Lavinia Warren (1841-1919) wrote a series of five autobiographical articles for the New York Tribune Sunday Magazine that appeared between September and December, 1906. She also borrows from newspaper accounts and from Barnum’s various autobiographies.
In the first of the five articles, she relates her family background, her introduction to the entertainment world, and her wedding to Charles Sherwood Stratton (1838-1883) in 1863. They illustrate her clear and distinct voice and her deft writing style, and show that despite her size, Lavinia early on was an adept student, teacher and raconteur. She recollected:
When I was sixteen years of age, the district school had become so large it was decided to divide it and form a primary department, consisting of pupils between the ages of four and nine years. The school committee waited upon my parents, and through them offered me the position of teacher. I accepted, and at the reopening of the school was duly installed in my new undertaking. I was very zealous in my duty, and at the end of the term received the commendation and thanks of the committee for the excellent discipline I maintained, as well as the progress made by the pupils under my tuition. The youngest even was far above me in stature, yet all seemed anxious to be obedient and to please me.
Her transition into the entertainment world came about shortly after:
The idea of a career as a public character had never occurred to me or my family. It was suggested that summer by a cousin who came to visit us from the West. He was the manager of a museum, a “floating palace of curiosities” on the Ohio and Mississippi Rivers. The prospect of travel, the going “out West,” as we then called it, made me eager to return with him… After a rather stormy family session during which my eldest brother declared that if I went he would leave the house forever, my parents gave a reluctant consent, binding Mr. Wood by solemn promise to keep me under his personal supervision and cousinly care.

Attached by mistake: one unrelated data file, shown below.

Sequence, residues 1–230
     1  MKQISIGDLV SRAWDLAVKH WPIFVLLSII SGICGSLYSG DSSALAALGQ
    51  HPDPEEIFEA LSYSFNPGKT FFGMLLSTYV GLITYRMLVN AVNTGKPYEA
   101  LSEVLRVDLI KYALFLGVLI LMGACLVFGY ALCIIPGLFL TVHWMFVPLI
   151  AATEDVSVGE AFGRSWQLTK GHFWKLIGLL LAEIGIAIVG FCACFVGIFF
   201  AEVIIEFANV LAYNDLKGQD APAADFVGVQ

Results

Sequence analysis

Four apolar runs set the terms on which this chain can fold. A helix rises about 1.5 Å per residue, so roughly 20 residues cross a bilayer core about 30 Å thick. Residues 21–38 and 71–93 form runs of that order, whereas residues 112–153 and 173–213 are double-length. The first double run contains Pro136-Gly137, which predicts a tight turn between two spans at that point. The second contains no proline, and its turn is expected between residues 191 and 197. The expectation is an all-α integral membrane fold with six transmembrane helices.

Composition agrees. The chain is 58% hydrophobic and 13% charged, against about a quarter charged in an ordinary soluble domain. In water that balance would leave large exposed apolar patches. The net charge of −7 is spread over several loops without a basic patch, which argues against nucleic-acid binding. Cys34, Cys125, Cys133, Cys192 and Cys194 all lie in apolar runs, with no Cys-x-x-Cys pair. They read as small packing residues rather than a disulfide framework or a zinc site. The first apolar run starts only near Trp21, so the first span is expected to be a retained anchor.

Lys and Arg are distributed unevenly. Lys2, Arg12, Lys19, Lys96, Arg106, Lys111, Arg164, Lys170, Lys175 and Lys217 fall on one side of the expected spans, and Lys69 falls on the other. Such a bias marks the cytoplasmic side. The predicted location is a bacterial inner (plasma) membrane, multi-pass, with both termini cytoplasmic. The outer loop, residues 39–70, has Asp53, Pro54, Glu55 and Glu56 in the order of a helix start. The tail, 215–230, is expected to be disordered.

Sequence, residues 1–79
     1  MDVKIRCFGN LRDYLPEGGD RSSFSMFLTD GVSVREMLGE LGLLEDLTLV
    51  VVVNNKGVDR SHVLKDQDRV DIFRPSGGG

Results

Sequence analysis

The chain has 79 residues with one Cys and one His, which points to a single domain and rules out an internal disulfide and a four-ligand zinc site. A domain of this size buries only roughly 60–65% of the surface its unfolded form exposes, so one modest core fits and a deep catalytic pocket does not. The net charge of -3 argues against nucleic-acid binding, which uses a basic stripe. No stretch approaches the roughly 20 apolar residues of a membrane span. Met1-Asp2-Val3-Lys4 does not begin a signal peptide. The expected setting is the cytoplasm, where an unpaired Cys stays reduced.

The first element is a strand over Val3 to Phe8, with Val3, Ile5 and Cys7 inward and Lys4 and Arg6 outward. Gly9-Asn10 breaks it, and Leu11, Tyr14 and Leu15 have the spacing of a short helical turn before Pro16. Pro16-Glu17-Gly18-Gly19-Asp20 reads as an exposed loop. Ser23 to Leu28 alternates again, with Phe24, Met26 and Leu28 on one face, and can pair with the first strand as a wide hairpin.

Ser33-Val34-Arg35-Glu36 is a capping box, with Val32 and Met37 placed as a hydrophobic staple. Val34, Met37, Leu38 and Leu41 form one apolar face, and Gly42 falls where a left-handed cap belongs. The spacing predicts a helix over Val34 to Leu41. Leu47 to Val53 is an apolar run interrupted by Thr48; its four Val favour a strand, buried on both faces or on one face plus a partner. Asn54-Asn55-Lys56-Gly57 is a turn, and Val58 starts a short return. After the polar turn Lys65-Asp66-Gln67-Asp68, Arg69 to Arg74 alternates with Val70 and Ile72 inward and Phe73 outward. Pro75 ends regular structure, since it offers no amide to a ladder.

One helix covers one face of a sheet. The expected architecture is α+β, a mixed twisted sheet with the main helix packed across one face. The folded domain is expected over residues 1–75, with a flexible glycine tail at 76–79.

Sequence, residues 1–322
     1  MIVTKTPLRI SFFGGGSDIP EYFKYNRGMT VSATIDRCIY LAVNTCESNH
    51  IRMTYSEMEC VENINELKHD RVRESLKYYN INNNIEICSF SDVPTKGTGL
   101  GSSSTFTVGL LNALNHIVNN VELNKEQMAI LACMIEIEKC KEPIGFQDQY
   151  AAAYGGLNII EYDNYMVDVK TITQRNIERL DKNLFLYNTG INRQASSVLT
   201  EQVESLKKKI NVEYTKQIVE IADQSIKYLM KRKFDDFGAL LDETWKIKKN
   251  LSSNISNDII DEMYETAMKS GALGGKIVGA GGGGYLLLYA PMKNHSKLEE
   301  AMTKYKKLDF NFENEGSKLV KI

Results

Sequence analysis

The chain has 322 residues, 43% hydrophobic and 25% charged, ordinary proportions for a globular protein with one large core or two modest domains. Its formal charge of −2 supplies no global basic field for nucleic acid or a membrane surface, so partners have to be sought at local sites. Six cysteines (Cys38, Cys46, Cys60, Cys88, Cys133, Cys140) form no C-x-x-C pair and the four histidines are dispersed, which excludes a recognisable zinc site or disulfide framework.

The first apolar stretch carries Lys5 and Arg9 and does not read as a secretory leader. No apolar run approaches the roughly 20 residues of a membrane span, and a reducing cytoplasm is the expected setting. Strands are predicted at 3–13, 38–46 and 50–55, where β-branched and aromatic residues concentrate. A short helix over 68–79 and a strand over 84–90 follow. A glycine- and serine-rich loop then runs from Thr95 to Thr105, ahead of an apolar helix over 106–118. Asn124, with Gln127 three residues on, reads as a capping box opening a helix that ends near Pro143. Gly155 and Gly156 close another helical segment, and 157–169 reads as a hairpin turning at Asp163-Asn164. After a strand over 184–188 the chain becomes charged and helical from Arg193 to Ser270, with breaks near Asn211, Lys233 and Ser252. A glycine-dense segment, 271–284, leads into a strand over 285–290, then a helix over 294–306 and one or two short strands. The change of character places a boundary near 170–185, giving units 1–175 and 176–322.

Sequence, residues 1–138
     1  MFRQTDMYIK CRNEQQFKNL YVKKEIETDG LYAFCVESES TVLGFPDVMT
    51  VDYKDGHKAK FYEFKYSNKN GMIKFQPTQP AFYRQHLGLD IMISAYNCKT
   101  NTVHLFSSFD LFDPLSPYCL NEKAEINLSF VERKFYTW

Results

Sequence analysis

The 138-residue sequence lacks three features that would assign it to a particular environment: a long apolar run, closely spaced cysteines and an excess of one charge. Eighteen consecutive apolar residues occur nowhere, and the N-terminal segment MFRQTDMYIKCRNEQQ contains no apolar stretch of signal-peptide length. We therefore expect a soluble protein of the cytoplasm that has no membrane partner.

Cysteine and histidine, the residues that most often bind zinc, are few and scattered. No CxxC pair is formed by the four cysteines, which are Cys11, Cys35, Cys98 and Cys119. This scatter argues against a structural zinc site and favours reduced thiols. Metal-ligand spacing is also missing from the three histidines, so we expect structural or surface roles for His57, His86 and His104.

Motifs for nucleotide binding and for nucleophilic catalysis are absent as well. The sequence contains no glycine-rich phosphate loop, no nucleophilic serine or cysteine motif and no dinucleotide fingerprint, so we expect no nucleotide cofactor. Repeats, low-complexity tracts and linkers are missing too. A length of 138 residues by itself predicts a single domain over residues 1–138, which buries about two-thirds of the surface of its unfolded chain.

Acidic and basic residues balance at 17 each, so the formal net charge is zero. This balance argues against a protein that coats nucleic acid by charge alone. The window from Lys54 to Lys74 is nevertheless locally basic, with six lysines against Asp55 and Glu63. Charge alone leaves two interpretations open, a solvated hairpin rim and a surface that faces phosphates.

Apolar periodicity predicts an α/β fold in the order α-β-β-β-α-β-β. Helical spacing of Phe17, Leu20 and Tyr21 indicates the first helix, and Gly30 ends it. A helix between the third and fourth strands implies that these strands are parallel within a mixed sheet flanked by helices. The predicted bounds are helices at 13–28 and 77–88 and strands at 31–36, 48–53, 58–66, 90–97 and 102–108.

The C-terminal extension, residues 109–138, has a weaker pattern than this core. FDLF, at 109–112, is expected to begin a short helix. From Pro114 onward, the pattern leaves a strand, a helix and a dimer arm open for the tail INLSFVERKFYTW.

The selection printed below describes her meeting with General Grant:
“My cousin owned a floating theater, minstrel hall, and museum combined, upon one large boat, which was towed by a smaller steamer wherever it was desirable. These steamboats, being flat bottomed, all their machinery is on the lower deck, and thus the saloon above reaches the whole length of the boat, from bow to stern.
On our first trip up the Mississippi, we stopped at Galena and remained there for three days, and there I first had the pleasure of meeting General Grant. He was then a private citizen in business in the town. He came to the museum, having read a description of me published in the press of the places we had visited. He became much interested and conversed with me for some time and having purchased my photograph, asked me to put my autograph upon it, which I did.
The next day he returned with his family and introduced them to me. They would not enter the performing hall, but remained conversing with me, departing with expressions of pleasure at our meeting and many good wishes for my welfare. I afterward met the General while in active service during the Civil War, and also when he was President”.